The fighting between government forces and anti-government militants in the North West Frontier Province and the Federally Administered Tribal Areas of Pakistan has intensified throughout 2008. Air strikes by United States military in the area have also increased insecurity. In August, thousands of Pakistanis were displaced within the country or fled to neighboring Afghanistan for safety. At the same time, the Pakistani army also began expelling Afghan refugees, specifically in Bajaur Agency, for alleged connections to militant groups.
Throughout the course of the year, hundreds of people in the Bajaur Agency and Swat and Mohmand regions were killed or injured in suicide bombings, air attacks, and shootings, with thousands more repeatedly uprooted from their homes. MSF provided thousands of people with the basic materials they needed to survive: blankets, floor mats, shelter items, hygiene kits and food. MSF adapted its primary health-care programs to respond to the sharp increase in victims of violence by providing medical supplies to treat war wounded, assisting in referrals, and providing care for the treatment of watery diarrhea caused by the poor quality of water initially provided for the displaced.
As local health clinics began to close for fear of violence, MSF opened mobile clinics in partnership with local health providers, and established a clearly identifiable ambulance service to bring patients safely to hospitals. During the many curfews imposed by the military, the MSF ambulance became the only vehicle allowed to travel around, transporting 700 patients over a 5-month period—primarily women in labor and victims of violence.
In October, a spike in violence sent hundreds of thousands en masse into neighboring regions over the course of just a few days. Fleeing air attacks and bombings, many found refuge in private homes, mosques, schools, and makeshift camps. As diarrhea broke out in camps, MSF assisted with water and sanitation while local health authorities provided basic medical care.
In Kurram Agency, providing assistance is increasingly difficult due to ongoing sectarian violence and insecurity due to outside armed groups operating in the area. MSF’s main activities have been the provision of mother and child health care, including emergency obstetric surgery and neonatal services. Insecurity means only the most critical patients will risk traveling to reach medical services.
Security for MSF staff is a growing problem. Attacks on humanitarian aid workers are a real and increasing concern. Already, MSF ambulances have been attacked and MSF teams have regularly sought refuge from the fighting.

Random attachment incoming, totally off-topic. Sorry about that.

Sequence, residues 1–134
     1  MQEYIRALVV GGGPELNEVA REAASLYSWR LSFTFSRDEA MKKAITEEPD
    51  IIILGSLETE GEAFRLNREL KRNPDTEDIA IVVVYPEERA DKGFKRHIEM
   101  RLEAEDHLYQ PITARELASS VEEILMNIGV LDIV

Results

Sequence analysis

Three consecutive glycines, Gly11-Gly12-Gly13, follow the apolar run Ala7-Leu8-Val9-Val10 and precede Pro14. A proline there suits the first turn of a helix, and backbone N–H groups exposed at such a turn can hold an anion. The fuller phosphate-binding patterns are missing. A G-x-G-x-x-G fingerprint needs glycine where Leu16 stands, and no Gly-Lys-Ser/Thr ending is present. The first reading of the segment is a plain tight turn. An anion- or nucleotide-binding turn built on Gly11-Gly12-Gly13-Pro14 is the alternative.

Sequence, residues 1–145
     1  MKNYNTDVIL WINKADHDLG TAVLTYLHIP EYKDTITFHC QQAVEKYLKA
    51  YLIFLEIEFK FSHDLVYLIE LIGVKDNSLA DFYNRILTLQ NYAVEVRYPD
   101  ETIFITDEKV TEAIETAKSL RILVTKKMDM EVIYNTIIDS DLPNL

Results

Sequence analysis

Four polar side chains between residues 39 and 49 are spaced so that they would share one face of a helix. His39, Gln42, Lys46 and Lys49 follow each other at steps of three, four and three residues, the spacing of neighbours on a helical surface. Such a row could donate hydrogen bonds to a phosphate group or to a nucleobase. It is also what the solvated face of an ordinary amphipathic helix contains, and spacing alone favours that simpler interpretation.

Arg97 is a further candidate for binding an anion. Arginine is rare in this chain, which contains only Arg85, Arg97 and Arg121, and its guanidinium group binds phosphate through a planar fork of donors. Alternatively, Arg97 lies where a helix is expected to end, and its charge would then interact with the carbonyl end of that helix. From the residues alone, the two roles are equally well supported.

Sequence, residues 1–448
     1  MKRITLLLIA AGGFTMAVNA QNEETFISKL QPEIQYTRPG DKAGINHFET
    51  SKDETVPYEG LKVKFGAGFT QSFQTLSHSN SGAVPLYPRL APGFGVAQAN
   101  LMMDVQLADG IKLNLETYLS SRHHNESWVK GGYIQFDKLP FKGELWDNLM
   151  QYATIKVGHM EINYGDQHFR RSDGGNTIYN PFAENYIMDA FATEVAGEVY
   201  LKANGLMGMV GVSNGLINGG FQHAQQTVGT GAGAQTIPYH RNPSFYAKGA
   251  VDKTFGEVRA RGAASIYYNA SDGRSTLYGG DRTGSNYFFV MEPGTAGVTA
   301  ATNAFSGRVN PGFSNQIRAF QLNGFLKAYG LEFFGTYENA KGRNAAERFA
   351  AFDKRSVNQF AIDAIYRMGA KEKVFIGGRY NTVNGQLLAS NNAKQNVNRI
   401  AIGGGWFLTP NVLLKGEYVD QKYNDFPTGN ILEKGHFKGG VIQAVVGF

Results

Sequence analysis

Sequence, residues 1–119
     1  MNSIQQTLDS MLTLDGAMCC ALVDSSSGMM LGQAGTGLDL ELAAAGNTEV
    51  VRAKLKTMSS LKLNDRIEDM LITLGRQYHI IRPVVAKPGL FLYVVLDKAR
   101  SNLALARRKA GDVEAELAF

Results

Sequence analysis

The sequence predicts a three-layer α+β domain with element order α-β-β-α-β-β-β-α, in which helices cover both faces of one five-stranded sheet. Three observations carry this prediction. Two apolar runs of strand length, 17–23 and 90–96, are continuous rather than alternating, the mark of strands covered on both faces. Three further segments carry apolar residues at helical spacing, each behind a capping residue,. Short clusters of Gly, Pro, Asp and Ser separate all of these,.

In Balochistan, MSF assists Afghan refugees through support to mother and child health care near Quetta. In the border town of Chaman where health actors are struggling to provide care for the residents of the city, MSF also assists the local population and patients coming from Afghanistan by providing reproductive health care, including emergency obstetrics, neo-natal services, and nutritional support.
The eastern region of Balochistan is rich in gas reserves, but poor in health care, with an internal conflict that has been simmering for more than 30 years. An emergency feeding program for children has been started by MSF in the eastern districts of Jafarabad and Nasirabad, where in three months MSF treated more than 1,000 children for malnutrition. Besides the armed conflict, the mountainous region of northwestern Balochistan was hit by a magnitude 6.4 earthquake on October 29. Most of the mud brick houses were destroyed with people forced to sleep out in the cold due to the damage and fear as aftershocks continued. The official death toll rose to approximately 300 people, with 35,000 injured and 40,000 left homeless. In addition to providing emergency medical support and relief supplies, MSF teams also provided mental health care for the affected communities.
“ In just a few days, hundreds of thousands of people fled fighting that broke out in the tribal area of Bajuar Agency…The terrorized population fled the region en masse. In the camps we visited, we were told about bombings and people who died. Most of those who fled were unable to bring anything with them. Although they are afraid, they are waiting for just one thing—to go back home. ”
MSF head of mission